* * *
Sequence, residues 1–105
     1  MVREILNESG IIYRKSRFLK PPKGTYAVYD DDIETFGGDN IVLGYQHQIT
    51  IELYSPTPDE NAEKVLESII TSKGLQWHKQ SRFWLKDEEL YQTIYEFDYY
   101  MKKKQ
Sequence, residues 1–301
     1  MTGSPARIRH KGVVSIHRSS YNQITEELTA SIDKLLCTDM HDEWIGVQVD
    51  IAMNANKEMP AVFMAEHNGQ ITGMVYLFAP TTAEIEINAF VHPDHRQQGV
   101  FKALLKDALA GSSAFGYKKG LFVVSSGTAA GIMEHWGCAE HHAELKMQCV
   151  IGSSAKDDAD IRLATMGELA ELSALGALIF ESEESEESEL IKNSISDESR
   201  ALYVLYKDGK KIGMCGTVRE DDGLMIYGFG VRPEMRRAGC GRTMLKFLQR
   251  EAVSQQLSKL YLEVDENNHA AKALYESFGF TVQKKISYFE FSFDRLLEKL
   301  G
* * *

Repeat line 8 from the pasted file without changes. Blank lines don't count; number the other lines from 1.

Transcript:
   101  FKALLKDALA GSSAFGYKKG LFVVSSGTAA GIMEHWGCAE HHAELKMQCV